Architecture Of The Absurd

(Martian Sheep Records)

What a nice surprise! Here's a CD featuring creative music which sounds fresh and full of life - a combination that's quite uncommon these days -, said album coming all the way from Spain (will wonders ever cease?).

It's not only for reasons of simplicity and brevity that I am of the opinion that this album by Beluga - their first as a group - should be filed under "Zappa-related", given the fact that it's very easy to detect many affinities, both in terms of style and attitude, as we'll see in a moment. It's also possible, here and there, to find traces of Mike Keneally, which is in no way surprising, given the close relationship between Keneally and the mustachioed Maestro. There are also a few "Prog" elements, for instance odd time signatures that reminded me of Gentle Giant - there's also something that to me sounds like an accurate "simulation" of Kerry Minnear's Hammond organ complete with Leslie and vibrato. I also appeared to detect a strong influence of "Black Music" when it comes to vocals - voices being one of the key ingredients here - and of course one has to be reminded of Zappa's front line featuring Ray White and Ike Willis. But I believe that thinking about world-famous hits like One Nation Under A Groove by Funkadelic is definitely not an exaggeration.

If we have a look at what is the "list of ingredients" proper, we see that Architecture Of The Absurd is the fruit of the efforts of two musicians - Razl, on guitars and vocals (lots of them); and Lorenzo Matellán, on keyboards and synths - whom I assume to be in their late thirties. Both composed and arranged the music. Also the lyrics, with the help of Carolina Mateo.

The album was recorded, mixed, and mastered by Lorenzo Matellán at Headroom Studio. I'll immediately say that from a technical point of view the album is quite brilliant, all sound layers being quite detailed and easy to perceive: guitars, vocals, keyboards, a rhythm section that's "heavy" but never "in the way" and which is masterfully displayed in the stereo spread. I think that the Hammond is not "a real one" - maybe a poly synth by Clavia? - while to me those filter modulations sound as coming from a real Moog.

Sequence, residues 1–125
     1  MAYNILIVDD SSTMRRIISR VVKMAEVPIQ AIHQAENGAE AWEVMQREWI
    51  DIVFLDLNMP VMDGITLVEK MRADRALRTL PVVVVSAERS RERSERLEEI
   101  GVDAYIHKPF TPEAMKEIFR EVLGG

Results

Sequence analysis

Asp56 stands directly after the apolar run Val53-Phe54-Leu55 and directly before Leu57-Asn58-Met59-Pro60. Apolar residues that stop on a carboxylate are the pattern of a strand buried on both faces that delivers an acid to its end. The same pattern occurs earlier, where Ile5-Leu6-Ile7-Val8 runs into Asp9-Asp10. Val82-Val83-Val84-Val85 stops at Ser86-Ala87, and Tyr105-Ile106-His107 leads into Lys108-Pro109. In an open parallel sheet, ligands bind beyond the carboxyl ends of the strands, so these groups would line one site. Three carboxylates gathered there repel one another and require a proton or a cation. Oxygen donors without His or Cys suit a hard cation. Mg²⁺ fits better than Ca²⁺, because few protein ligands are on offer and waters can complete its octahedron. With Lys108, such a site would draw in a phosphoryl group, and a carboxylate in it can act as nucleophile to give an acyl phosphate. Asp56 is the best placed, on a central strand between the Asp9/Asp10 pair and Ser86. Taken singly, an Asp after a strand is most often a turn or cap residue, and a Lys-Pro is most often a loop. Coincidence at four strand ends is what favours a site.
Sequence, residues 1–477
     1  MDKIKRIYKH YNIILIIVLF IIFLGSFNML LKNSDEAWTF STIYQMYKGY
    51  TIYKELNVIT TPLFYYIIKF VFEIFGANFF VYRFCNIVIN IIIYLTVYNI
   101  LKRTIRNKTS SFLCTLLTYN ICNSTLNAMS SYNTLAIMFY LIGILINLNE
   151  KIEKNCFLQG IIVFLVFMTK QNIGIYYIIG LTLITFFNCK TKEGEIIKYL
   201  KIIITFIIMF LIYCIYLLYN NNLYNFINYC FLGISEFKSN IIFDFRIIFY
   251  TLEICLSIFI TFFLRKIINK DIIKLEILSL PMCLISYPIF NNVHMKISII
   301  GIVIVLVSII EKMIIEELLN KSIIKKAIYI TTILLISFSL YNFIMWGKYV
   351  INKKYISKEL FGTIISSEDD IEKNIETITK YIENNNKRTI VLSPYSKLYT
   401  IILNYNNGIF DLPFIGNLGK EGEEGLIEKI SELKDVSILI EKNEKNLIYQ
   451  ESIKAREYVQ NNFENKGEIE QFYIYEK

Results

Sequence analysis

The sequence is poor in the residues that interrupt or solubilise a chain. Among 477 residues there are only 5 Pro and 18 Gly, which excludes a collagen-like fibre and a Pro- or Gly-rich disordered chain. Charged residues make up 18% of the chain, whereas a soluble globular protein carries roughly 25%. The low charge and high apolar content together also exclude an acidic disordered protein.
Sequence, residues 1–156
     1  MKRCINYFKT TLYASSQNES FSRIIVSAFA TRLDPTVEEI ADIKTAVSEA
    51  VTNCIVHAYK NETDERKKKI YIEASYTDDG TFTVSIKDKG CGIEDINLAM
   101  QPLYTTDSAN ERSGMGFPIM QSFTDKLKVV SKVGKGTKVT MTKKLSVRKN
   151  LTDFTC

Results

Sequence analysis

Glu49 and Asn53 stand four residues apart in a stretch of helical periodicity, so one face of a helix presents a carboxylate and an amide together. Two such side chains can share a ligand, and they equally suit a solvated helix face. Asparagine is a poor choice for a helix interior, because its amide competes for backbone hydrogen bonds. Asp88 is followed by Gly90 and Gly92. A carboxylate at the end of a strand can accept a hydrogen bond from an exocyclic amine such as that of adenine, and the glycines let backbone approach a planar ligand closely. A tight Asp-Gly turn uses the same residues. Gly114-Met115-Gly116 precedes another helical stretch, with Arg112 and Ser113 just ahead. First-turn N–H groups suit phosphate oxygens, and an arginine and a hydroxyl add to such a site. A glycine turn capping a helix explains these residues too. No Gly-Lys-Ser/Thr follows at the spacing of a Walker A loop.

When it comes to vocals, as a point of reference I'll mention the Zappa album titled You Are What You Is, featuring brief songs that are vocally quite dense. Here and there, I was reminded of albums which highlight the instrumental side, such as Roxy & Elsewhere and One Size Fits All - I thought that at times a few bass parts were quite similar in feel to what Tom Fowler played on the aforementioned albums.

Seven tracks for a total length of 42', it's possible - and quite fun - to listen to this album as a whole. Maybe, on first listening, the music will sound a bit too dense and relentless - there's a moment where the cumulative listening effort could bring the listener dangerously close to sensory overload, but as we'll see in a moment this particular danger was averted by a clever arranging solution - but I think this to be due to one's infrequent exposure to complex music in the "rock - vocal" dept., not to any "faulty engineering" work on the part of these guys.

The time has come to talk about the rhythm section, with a splendid teamwork of Damian Erskine on electric bass and Marco Minnemann on drums. Though Erskine is a famous musician who's held in high esteem, I have to admit this is the first time I've listened to him. His work here is simply superb, with a masterful touch - just check the "release" of the notes - which goes hand-in-hand with a prodigious versatility. Minnemann I know quite well, and I'd say that, more than in the past, here he sounds quite influenced by those figures played by Chad Wackerman in his Zappa days.